Filozofija i drustvo 2008 Volume 19, Issue 3, Pages: 273-291
Full text ( 99 KB)

Heidegger's concept of 'Being-There' and fundamental concepts of traditional ontology

Molnar-Sivč Milotka

Although the question of relationship between basic concepts of traditional ontology and central concepts of fundamental ontology is not a topic which is systematically dealt with in Being and Time, it is obvious that some of the theses which are crucial not only for Heidegger's interpretation of philosophical tradition, but also for the whole project of fundamental ontology, concern this 'conceptual scheme'. In fact, the backbone of Heidegger's critical confrontation with dominant philosophical conceptions is the question of relationship between the concept of 'substance' and the concept of 'Being', i.e. the discussion of philosophical doctrines in which 'Being' is reduced to 'substance'. Besides this context, which concerns the ontological problematics in the strict sense, it is possible to show that the refutation of the basic categories of traditional ontology is an issue which has a decisive role in more concrete phases of the realization of the project of fundamental ontology. This is especially confirmed in Heidegger's discussion of the concept of 'Being-There'. The interpretation of Heidegger's treatment of the relationship between the concepts of 'Being-there', 'existence' and 'existentials' on the one hand, and the concepts of 'substance', 'essence' and 'categories' on the other, shows that one of Heidegger's basic theses is that a transformation of concepts of traditional ontology is necessary for an appropriate understanding of human being.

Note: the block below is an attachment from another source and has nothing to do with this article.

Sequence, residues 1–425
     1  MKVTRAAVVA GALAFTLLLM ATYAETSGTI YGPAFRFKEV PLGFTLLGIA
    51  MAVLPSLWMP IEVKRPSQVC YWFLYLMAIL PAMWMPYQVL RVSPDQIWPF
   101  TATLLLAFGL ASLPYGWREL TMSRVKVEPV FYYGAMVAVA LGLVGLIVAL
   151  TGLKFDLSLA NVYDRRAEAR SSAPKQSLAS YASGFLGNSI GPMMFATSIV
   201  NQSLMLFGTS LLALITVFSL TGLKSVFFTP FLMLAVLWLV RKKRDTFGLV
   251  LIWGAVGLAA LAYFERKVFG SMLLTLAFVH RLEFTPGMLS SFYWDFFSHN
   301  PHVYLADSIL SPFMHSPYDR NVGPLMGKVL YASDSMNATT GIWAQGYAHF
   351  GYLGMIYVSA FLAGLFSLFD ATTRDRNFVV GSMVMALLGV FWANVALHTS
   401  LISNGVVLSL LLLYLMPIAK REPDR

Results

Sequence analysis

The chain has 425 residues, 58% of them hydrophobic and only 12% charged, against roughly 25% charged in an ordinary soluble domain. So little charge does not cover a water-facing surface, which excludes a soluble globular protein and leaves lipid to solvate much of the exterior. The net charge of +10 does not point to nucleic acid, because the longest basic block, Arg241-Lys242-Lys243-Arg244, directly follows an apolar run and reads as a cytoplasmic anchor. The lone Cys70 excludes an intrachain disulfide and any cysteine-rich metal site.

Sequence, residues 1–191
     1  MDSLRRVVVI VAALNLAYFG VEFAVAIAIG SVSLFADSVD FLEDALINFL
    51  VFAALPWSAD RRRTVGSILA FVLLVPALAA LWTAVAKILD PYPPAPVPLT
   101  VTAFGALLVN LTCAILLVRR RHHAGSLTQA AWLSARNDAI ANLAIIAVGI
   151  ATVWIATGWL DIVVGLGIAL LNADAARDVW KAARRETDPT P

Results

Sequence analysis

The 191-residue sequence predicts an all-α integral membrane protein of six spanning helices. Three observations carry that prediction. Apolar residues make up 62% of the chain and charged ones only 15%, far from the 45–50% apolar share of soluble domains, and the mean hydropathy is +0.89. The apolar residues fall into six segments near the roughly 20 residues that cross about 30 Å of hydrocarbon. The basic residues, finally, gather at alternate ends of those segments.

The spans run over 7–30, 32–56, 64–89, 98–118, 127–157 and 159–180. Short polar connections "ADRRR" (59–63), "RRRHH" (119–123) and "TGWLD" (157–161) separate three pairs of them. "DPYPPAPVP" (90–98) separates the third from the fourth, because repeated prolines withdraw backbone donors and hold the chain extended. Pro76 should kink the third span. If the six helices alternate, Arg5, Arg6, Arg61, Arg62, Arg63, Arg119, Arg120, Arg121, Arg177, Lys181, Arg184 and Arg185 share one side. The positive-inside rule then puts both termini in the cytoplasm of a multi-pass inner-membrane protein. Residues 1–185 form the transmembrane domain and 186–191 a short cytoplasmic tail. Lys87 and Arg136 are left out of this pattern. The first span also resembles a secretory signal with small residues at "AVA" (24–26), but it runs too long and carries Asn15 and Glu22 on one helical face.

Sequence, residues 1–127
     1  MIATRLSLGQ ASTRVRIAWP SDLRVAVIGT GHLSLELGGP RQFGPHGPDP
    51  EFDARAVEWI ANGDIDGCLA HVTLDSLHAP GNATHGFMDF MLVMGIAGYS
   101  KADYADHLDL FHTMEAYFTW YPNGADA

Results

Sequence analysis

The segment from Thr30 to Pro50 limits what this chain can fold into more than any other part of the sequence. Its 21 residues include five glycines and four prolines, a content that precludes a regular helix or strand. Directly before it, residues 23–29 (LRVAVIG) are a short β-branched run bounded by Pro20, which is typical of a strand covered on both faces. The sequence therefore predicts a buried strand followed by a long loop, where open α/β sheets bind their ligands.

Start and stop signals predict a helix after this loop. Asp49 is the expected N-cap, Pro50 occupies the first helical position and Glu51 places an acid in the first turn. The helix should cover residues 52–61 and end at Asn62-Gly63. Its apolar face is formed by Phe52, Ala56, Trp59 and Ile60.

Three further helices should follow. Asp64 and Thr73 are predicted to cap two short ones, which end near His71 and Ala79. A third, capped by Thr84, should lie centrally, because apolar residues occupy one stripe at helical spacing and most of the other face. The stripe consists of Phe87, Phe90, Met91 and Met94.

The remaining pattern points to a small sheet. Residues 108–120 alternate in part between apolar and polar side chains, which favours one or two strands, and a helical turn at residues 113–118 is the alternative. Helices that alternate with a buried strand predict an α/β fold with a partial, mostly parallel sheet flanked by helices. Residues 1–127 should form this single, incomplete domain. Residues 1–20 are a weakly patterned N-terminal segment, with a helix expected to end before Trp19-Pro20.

Keywords: Being, substance, Being-There, existence, essence, categories, existentials

More data about this article available through SCIndeks